- Gates, Henry Louis; Higginbotham, Evelyn Brooks (March 23, 2004). African American Lives. Oxford University Press. p. 195. ISBN 978-0-19-988286-1. Retrieved August 6, 2013.
- Manzo, Ula C.; Manzo, Anthony V. (January 1, 1993). Literary Disorders: Holistic Diagnosis and Remediation. LiteracyLeaders. p. 27. ISBN 978-0-03-072633-0. Retrieved August 5, 2013.
- Orenstein, Myrna (December 6, 2012). Smart But Stuck: How Resilience Frees Imprisoned Intelligence from Learning Disabilities, Second Edition (2 ed.). Routledge. p. 12. ISBN 978-1-135-80043-7. Retrieved August 5, 2013.
- Aldridge, Delores P.; Young, Carlene (2003). Out of the Revolution: The Development of Africana Studies. Lexington Books. p. 350. ISBN 978-0-7391-0547-4. Retrieved February 11, 2014.
- Kovalchik, Kara (April 9, 2008). "5 Mysteries Surrounding The Cosby Show". Mental Floss. Retrieved August 7, 2013.
- Alston, Joshua (October 24, 2012). "How The Cosby Show spoke to race and class in '80s America". The A.V. Club. Retrieved August 6, 2013.
- "The Cosby Show: 1984–1992". People. June 26, 2000. Retrieved November 19, 2010.
- "Sondra Huxtable Tibideaux". TV Land. Viacom. Retrieved August 6, 2013.
- Alley, Robert S.; Brown, Irby B. (2001). Women Television Producers: Transformation of the Male Medium. University Rochester Press. p. 255. ISBN 978-1-58046-045-3. Retrieved August 5, 2013.
- Marc, David (1992). Prime Time, Prime Movers: From I Love Lucy to L.A. Law—America's Greatest TV Shows and the People who Created Them. Syracuse University Press. pp. 101–103. ISBN 978-0-8156-0311-5. Retrieved August 5, 2013.
- McNeil, Alex (1996). Total Television: The Comprehensive Guide to Programming from 1948 to the Present. Penguin Group USA. p. 181. ISBN 978-0-14-024916-3. Retrieved August 5, 2013.
- "Bill Cosby on 50 Years of Comedy: Forum - KQED Public Media for Northern CA". KQED Public Media.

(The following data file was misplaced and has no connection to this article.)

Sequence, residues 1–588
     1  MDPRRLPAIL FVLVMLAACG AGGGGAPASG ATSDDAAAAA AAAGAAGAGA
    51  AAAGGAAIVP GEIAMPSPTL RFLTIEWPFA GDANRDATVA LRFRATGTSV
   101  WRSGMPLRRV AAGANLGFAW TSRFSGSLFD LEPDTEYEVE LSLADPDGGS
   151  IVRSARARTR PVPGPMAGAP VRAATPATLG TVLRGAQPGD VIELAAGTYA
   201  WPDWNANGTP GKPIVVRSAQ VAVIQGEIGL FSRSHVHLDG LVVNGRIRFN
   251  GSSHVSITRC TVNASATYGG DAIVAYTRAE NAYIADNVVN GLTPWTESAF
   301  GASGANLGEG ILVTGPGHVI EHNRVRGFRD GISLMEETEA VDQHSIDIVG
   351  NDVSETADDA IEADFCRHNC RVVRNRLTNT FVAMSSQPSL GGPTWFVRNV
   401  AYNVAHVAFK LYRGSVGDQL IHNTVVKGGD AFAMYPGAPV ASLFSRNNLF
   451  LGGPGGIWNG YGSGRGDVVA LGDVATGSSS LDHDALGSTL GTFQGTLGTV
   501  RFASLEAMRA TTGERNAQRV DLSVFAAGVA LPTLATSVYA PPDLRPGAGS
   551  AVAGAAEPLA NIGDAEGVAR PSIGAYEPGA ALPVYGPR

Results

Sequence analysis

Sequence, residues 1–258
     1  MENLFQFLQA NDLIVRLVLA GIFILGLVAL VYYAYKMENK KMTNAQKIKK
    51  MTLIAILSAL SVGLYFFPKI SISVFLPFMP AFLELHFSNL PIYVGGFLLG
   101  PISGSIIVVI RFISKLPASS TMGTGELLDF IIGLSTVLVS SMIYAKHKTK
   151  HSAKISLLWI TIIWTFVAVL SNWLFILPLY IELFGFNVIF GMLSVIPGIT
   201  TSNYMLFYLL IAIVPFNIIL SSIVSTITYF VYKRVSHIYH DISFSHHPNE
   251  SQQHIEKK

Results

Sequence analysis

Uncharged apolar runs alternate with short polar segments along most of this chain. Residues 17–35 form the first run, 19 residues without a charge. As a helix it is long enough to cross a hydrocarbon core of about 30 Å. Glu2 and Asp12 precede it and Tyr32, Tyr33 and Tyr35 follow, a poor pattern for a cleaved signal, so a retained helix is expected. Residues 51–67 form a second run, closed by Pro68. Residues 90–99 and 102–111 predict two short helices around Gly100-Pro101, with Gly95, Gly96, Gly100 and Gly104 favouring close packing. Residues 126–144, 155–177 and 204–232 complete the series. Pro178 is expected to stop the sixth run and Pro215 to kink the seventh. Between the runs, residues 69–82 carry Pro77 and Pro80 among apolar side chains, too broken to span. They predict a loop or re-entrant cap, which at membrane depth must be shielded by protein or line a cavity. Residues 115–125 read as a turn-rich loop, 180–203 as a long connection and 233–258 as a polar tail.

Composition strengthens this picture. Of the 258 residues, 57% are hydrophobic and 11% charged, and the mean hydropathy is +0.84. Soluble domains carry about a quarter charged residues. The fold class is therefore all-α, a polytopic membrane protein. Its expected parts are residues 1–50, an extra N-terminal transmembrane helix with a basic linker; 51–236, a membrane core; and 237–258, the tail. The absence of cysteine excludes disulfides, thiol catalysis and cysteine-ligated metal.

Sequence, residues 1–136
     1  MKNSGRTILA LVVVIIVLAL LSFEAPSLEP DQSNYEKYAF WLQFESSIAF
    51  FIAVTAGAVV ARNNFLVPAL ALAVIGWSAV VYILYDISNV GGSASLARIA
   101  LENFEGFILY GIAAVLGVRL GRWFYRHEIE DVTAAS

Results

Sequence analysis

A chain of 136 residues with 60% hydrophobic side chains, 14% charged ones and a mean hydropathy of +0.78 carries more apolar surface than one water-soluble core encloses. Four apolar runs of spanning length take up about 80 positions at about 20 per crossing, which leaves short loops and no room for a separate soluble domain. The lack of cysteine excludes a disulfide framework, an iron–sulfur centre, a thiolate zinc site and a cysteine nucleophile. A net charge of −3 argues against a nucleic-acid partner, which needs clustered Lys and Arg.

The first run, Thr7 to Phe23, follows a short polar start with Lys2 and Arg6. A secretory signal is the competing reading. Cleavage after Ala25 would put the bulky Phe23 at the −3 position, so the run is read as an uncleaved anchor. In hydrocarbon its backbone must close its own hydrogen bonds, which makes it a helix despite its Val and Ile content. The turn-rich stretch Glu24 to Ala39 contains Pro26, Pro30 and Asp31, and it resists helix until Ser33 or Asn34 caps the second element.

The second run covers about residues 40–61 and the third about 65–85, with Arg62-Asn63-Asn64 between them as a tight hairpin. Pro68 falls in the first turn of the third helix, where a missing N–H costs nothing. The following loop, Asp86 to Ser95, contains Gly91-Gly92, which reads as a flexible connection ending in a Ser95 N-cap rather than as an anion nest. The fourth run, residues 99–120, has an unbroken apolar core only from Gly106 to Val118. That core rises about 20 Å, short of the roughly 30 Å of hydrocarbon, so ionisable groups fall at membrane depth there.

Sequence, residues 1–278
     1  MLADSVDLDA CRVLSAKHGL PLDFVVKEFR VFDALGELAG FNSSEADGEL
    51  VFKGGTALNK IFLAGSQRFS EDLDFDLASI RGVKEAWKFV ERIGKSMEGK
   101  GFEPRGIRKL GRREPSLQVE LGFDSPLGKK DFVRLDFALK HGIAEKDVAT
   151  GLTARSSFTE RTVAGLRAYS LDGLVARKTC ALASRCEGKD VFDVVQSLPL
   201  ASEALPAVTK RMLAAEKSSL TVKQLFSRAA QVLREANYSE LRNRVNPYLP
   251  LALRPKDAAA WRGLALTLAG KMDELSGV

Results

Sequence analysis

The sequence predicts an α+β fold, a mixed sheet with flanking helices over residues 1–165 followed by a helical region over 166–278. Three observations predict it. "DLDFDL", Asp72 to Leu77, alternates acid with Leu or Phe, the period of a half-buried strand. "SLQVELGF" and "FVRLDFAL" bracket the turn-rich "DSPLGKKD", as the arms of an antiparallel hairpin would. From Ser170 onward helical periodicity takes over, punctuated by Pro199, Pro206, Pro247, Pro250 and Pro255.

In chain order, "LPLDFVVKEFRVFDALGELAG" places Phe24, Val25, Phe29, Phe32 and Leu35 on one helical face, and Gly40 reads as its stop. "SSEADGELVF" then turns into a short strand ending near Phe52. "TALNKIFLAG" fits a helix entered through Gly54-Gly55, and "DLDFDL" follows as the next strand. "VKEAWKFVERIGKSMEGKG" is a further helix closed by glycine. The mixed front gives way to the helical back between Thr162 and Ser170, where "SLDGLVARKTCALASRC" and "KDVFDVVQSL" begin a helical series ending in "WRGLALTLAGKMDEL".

- Cashmore, Ellis (August 2, 2012). Beyond Black: Celebrity and Race in Obama's America. Bloomsbury Publishing. p. 61. ISBN 978-1-78093-147-0. Retrieved August 5, 2013.
- Pope, Kitty (2005). Beside Every Great Man-- is a Great Woman: African American Women of Courage, Intellect, Strength, Beauty & Perseverance. Amber Books Publishing. p. 70. ISBN 978-0-9749779-4-2. Retrieved August 5, 2013.
- Fearn-Banks, Kathleen (August 4, 2009). The A to Z of African-American Television. Scarecrow Press. p. 90. ISBN 978-0-8108-6348-4. Retrieved August 5, 2013.
- "TV Show Buildings At A Glance". Retrieved November 21, 2011.
- Gismondi, Steve (April 16, 2002). Turning Forty. iUniverse. p. 156. ISBN 978-1-4620-8144-8. Retrieved August 5, 2013.
- Stephens, E. J.; Christaldi, Michael; Wanamaker, Marc (July 15, 2013). Early Paramount Studios. Arcadia Publishing. p. 44. ISBN 978-1-4671-3010-3. Retrieved August 5, 2013.
- "The Cosby House: Brownstones in Pop Culture". Townhouse Experts Blog. Townhouse Experts. Retrieved August 22, 2014.
- "Cosby". google.com.
- Bennetts, Leslie. "Bill Cosby Begins Taping NBC Series". The New York Times. Retrieved September 20, 2014.
- Rainer, Thom S.; Rainer, Jess W. (January 1, 2011). The Millennials: Connecting to America's Largest Generation. B&H Publishing Group. p. 53. ISBN 978-1-4336-7003-9. Retrieved February 11, 2014.
- Franz, Kathleen; Smulyan, Susan (2011). Major Problems in American Popular Culture. Cengage Learning. p. 376. ISBN 978-0-618-47481-3. Retrieved August 5, 2013.
I won't deal with the foolishness of racial undertones on the show.
- Krabill, Ron (September 15, 2010). Starring Mandela and Cosby: Media and the End(s) of Apartheid. University of Chicago Press. p. 104. ISBN 978-0-226-45189-3. Retrieved August 5, 2013.